February, 2007 Archives


Bowman’s Short HEART OF AFRICA

by Pj in Random

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BY CYNDI GREENING, PHOENIX, USA — We spent last week working on the trailer for the documentary and three guesses as to what we’re working on this week. Yep, the trailer for the feature. We passed the initial cut to Keith Heffner, the Sound Editor and Music Director. He layered sound, effects and vocals into an appealing and effective mix. It was exciting and inspiring to see everything coming into shape.

heartoafrica.jpgUltimately, we had 88 hours of footage that were shaped into the approximately 90-minute documentary. We had another 34 hours of footage that were crafted into the 90-minute feature. When you’re shooting a feature, there is a primary story line that is being followed and there just isn’t much other footage to spare. The documentary is a whole different story. With 88 hours of footage, you can imagine there were many, many stories that could be found in that mass of material. The students were required to make demo reels after they returned from Zambia so some of the footage was used there. But much of it will remain unseen, many of the more subtle stories will remain untold, parts of what we discovered will remain unknown. We got to talking about it and decided that some of the stories might be suitable in a short format.

Producer Pamela Bowman has created a short based on the poem she wrote while we were traveling to Victoria Falls in southern Zambia. (The original blog entry of the poem can be found on the FilmZambia site.) In addition to working on the documentary trailer, she’s been working this short. I think this piece captures the gentle soul of the people of Zambia. We met so many kind and wonderful Zambians. Check it out.

Pamela Bowman’s Short Film

Posted on Sunday, February 25, 2007
Heart of Africa (lg quicktime)
Heart of Africa (sm quicktime)


YouTube Replaces the Boob Tube

by Pj in Random

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YouTubeLeto.jpgBY PAMELA BOWMAN, MESA, USA — While we were at Sundance, I was sitting in front of a small group of very young filmmakers at a funding panel. After eavesdropping, I learned that they had done a movie on some guy traveling around the United States … I can’t really seem to remember much more about their film. Not real impactful or just not my cup of cocoa. Anyway they ended up being indie snobs. They were talking about a site called YouTube. They said that they would never post there or respect anyone who did. During the panel YouTube was discussed. The panelist acknowledged the impact YouTube was having on the industry and how some people have found success with their ideas and been offered movie contracts because of what they’ve put up on that site.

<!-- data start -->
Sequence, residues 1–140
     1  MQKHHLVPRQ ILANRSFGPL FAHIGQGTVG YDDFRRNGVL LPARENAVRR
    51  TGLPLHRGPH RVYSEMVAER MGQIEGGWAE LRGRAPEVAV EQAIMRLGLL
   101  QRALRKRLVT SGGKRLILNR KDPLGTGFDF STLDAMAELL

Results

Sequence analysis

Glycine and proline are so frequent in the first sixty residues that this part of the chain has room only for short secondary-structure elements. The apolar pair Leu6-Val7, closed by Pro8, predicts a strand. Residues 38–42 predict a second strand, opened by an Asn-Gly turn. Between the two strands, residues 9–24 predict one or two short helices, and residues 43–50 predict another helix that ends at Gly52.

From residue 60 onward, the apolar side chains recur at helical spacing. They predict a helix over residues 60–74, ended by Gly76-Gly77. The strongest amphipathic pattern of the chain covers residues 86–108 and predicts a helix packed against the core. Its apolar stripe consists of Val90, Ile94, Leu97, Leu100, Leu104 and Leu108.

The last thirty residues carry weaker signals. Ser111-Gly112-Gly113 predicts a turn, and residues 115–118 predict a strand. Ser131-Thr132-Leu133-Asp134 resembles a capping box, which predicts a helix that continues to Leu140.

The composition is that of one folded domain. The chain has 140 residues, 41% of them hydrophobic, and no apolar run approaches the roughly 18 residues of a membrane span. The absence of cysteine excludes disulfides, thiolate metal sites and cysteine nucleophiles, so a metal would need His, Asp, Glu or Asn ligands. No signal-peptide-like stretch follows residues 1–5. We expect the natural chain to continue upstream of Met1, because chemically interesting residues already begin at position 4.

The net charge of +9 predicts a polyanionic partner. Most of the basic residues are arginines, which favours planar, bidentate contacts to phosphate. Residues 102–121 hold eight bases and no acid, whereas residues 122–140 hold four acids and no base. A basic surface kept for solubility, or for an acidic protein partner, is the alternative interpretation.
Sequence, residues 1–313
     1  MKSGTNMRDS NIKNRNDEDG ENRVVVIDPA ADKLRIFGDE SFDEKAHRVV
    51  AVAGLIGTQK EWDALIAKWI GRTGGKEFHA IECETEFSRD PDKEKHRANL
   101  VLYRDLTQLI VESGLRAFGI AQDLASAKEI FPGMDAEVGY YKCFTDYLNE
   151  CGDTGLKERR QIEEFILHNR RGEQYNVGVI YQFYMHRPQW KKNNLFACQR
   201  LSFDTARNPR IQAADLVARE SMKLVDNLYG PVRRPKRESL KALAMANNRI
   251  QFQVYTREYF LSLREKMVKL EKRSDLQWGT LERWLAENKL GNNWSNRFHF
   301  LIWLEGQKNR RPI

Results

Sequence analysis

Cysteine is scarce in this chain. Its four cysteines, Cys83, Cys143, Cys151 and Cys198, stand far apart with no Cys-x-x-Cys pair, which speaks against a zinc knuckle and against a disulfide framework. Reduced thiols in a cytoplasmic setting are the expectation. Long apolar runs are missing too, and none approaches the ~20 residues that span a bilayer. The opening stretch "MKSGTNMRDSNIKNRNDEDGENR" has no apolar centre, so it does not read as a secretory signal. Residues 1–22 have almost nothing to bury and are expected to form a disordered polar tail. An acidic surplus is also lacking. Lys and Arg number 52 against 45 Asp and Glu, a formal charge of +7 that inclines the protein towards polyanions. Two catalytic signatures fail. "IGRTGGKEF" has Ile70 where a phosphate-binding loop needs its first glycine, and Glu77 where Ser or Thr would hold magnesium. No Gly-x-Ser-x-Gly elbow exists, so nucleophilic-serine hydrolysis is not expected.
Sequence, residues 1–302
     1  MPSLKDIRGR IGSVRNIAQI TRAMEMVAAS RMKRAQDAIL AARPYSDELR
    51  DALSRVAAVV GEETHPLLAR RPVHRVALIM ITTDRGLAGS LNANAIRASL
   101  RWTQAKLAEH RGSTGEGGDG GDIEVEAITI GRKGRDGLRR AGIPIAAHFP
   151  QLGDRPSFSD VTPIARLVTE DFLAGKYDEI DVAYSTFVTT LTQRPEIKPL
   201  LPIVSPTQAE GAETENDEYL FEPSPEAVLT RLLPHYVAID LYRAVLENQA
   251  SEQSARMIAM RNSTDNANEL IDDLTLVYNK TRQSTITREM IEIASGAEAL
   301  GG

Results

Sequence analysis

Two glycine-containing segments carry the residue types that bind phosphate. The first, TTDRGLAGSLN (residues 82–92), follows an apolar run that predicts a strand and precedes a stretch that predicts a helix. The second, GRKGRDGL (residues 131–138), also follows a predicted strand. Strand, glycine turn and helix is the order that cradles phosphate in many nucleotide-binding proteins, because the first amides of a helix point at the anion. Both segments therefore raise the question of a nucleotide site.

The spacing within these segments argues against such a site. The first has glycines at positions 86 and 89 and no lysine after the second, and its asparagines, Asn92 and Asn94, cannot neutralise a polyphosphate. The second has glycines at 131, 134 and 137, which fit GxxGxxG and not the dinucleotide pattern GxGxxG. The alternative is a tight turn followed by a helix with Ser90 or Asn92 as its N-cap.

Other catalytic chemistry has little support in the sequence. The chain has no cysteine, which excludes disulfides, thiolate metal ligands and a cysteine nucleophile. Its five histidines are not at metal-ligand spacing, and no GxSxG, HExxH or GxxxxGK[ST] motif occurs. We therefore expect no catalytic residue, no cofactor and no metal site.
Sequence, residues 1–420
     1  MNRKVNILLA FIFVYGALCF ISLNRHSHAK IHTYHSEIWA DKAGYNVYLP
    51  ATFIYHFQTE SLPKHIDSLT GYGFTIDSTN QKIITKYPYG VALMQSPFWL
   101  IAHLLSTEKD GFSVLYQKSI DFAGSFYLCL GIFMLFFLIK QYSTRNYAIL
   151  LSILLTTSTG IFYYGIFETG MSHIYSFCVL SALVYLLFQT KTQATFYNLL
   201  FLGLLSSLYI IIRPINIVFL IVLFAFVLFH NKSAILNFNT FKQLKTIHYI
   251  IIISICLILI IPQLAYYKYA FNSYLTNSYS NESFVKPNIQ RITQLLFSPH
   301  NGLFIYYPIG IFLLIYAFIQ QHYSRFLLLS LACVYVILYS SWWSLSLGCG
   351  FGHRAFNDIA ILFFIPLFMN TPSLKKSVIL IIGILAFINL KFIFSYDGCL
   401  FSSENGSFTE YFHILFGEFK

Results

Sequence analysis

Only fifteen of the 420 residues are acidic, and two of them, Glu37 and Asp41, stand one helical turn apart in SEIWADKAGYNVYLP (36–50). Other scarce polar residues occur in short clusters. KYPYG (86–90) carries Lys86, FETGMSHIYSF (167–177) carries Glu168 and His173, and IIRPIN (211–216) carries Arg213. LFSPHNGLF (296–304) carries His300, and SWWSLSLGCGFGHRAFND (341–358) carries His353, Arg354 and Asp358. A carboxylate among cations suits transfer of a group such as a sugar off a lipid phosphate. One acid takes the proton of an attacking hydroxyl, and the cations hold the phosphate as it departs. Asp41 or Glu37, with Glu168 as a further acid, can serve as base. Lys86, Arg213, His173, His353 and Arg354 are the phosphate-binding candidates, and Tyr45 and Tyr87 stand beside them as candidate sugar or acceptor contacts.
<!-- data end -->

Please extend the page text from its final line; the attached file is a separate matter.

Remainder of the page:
As you can tell I was not familiar with YouTube. I had heard of it, but I had not frequented the site. I have now. We did a test run on some clips from Sundance and have been surprised by the results. We’ve put up several of the vCasts from the last three years at Sundance. We have been surprised at how popular one vCast is in particular. Jared Leto stars in CHAPTER 27 and the Q&A following the screening of that film has been viewed 589 times in the last 72 hours … since we like the whole independent voice thing, we can see how YoYouTube facilitates our goal of allowing us to hear more voices. Even the ones in our heads!

… BUT, (there is always one or two around)… how can and do people generate a salary to support life as we know it? Is YouTube killing the market for entertainment media? There is a huge population that applauds that thought. People swap music over networks that bypass the artists, producers and distributors. TV viewership is down. People are turning to other forms of entertainment. And in many cases they are in the creative end of providing it for others to watch and enjoy. Granted some of the submissions are worthy of the Maury Povich show or the wrath of Simon, BUT, (the second one), we have the ability to click away anonymously. No chance of hurting someone’s feelings. Pain free! Personally, I think YouTube is cool.

One of the big drawbacks about the computer age is the isolation. Humans do not like isolation. The internet is our creative way to maintain contact with other humans. We get depressed in our anti-social life style and we plug into the net. We chat and email. We watch movies and listen to music. In fact, movies and music are traded on the internet like baseball cards. As a person who develops media content, it seems that what needs to be considered is the contribution and the rights of the creators. How can the concept of free enterprise (commerce) continue if everything created in the entertainment field is almost instantly free?

In the end it really doesn’t matter. The people have spoken. YouTube and other sites like it are here to stay. We will all deal with it. And like all good Americans, we will try to find a way to capitalize on it.

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